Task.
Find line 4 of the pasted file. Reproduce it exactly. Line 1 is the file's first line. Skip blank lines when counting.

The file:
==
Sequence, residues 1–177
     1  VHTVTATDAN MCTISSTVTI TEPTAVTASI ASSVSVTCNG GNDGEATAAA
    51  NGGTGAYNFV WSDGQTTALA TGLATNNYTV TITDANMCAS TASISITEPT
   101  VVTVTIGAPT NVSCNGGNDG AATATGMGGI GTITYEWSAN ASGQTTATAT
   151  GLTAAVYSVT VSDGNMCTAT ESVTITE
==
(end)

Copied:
   101  VVTVTIGAPT NVSCNGGNDG AATATGMGGI GTITYEWSAN ASGQTTATAT